Flying over the Decker coal export mine
by Diana Best
August 9, 2014
© Greenpeace / Tim Aubry
I set my alarm for 4:30 in the morning and was standing in a damp field just miles from Decker Coal mine by 6 am. As we prepared the airship for flight, we watched a perfect pink and purple sunrise light up the surrounding bluffs.
Decker Coal Mine in southern Montana is owned by Ambre Energy, an Australian company seeking to expand its operation as part of its controversial proposal to start exporting coal through Oregon and Washington. If Ambre gets its way, it would getaccess to another 40 million tons of our coal, to be loaded on to trains, shipped through the Pacific Northwest, and sold overseas.
The decision to increase this coal export mine will ultimately fall to the Federal government, specifically the Bureau of Land Management (BLM). The BLMs coal leasing program has come under recent scrutiny from members of Congress and the public alike, and was the focus of both an Inspector General and Government Accountability Office investigation earlier this year. Both reportsfound major flawswith the coal leasing program, specifically the BLMs failure to accurately account for fair market value when coal is slated for export.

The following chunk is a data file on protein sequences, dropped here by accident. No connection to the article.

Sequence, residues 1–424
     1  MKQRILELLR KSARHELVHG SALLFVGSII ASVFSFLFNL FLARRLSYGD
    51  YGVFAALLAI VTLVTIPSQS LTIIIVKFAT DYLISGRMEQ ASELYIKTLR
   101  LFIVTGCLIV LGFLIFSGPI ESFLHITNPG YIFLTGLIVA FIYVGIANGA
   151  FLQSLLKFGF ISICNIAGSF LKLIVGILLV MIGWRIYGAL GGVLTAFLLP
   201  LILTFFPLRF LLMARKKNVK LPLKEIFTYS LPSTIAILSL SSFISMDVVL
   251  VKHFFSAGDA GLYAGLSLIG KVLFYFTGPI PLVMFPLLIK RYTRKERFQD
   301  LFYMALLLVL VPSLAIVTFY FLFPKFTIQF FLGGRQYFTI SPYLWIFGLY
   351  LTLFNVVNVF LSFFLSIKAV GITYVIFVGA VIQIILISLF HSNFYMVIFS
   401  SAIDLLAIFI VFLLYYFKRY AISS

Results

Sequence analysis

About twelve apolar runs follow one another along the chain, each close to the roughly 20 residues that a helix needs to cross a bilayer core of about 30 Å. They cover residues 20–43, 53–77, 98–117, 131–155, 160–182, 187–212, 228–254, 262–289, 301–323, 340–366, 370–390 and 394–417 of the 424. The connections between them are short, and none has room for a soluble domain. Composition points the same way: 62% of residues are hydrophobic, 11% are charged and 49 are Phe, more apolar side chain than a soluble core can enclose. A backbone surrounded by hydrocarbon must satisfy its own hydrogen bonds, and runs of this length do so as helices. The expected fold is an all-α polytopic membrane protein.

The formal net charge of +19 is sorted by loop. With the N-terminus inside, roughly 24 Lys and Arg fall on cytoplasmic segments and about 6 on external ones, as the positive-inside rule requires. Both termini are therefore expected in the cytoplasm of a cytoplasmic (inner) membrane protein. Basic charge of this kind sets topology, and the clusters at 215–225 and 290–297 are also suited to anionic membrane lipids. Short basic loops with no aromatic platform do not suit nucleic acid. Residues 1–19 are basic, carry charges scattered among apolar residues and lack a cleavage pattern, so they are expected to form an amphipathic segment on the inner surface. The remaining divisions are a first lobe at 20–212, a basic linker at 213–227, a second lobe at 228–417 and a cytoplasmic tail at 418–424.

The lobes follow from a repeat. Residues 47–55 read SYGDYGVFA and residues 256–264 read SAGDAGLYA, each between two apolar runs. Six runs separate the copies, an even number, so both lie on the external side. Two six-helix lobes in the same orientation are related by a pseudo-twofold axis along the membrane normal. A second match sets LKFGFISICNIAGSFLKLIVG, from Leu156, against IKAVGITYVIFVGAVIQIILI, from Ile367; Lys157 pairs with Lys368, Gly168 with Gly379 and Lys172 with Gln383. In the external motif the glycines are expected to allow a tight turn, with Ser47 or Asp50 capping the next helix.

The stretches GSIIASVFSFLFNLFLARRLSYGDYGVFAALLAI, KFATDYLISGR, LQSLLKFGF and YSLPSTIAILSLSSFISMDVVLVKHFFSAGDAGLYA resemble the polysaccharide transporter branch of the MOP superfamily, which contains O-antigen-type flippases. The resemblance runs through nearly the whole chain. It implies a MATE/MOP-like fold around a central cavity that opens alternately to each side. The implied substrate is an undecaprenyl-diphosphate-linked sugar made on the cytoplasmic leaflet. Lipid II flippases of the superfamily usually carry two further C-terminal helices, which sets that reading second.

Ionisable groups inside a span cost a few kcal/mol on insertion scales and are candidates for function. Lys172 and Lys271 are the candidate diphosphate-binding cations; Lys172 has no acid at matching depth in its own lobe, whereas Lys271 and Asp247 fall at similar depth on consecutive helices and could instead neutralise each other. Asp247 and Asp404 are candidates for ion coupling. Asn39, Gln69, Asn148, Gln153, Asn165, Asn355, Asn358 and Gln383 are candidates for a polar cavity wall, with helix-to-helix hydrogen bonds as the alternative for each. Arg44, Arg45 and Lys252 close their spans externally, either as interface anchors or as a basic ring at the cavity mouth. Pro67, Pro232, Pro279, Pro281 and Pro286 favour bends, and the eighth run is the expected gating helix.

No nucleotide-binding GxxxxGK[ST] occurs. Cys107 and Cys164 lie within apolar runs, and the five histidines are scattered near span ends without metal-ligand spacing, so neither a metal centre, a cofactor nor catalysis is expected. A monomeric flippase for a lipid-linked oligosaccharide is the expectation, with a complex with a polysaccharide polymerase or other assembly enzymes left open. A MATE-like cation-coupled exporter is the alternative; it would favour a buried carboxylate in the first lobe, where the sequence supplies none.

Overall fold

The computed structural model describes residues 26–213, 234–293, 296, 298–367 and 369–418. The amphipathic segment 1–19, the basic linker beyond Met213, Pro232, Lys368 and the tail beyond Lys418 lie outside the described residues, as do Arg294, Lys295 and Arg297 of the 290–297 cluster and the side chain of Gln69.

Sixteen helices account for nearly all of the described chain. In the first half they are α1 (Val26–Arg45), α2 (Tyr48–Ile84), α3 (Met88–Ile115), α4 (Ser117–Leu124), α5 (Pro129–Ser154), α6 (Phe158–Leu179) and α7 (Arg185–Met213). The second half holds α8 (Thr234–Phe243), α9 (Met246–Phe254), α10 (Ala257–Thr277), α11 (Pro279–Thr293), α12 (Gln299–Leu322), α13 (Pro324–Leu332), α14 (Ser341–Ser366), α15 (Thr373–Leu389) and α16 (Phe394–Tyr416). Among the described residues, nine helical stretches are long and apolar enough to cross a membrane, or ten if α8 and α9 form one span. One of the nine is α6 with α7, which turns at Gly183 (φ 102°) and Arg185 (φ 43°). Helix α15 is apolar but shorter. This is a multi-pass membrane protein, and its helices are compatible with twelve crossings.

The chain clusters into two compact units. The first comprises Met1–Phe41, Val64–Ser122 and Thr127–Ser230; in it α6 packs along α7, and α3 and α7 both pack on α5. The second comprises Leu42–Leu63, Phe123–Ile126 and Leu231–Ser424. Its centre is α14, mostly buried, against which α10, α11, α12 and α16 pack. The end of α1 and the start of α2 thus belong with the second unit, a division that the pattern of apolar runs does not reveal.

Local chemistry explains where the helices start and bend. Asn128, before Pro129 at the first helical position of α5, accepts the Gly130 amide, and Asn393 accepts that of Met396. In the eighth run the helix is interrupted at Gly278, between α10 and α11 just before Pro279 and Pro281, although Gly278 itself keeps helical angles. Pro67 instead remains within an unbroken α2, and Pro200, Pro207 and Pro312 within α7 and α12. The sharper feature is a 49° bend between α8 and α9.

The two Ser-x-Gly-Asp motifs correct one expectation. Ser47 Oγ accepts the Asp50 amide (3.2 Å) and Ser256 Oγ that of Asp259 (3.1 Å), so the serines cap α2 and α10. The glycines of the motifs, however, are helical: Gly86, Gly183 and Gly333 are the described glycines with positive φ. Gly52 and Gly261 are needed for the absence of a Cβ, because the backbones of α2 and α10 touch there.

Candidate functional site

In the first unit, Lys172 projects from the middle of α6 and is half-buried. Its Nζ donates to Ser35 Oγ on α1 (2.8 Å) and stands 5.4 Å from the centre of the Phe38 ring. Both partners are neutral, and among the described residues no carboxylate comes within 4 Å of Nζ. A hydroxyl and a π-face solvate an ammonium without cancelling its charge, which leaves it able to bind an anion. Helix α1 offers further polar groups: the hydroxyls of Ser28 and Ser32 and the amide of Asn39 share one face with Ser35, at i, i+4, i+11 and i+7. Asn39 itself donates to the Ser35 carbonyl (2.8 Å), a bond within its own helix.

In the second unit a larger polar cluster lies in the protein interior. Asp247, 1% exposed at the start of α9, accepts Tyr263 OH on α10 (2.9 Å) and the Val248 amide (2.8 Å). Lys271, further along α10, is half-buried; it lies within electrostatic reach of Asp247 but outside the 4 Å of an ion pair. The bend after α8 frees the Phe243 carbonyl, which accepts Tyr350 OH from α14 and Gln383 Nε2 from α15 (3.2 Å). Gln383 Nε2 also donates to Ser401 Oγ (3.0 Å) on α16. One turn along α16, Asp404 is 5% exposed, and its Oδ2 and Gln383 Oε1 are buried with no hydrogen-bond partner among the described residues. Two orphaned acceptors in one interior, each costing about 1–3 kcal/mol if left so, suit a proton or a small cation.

Despite increased pressure on the BLM and their mismanaged coal leasing program, nothing has changed. And the decision on Decker looms near.
Interior Department Secretary Sally Jewell, who oversees the BLM, has the power tostop both the Decker mine expansion and the flawed coal leasing program. Although Secretary Jewell has been outspoken about our need to address climate change, she has not taken any steps to addressthe Federal Governments own role in unlocking billions of tons of carbon pollution through their coal leasing program.
Which brings us to a field in Montana…
Once the airship was ready for flight, I hopped in and we slowly made our way towards Decker. To see the coal mine in-person – its large drag line in operation even in that early hour – and to know that this mine could spread into the surrounding hills and plateaus elicited a powerful feeling. These are our public lands and we should have a say in how they are managed. We can choose to keep this coal in the ground.
Although several workers at the mine saw our banners as we floated by, our message is truly directed at Secretary Sally Jewell – stop leasing our public lands and resources for the coal industrys benefit.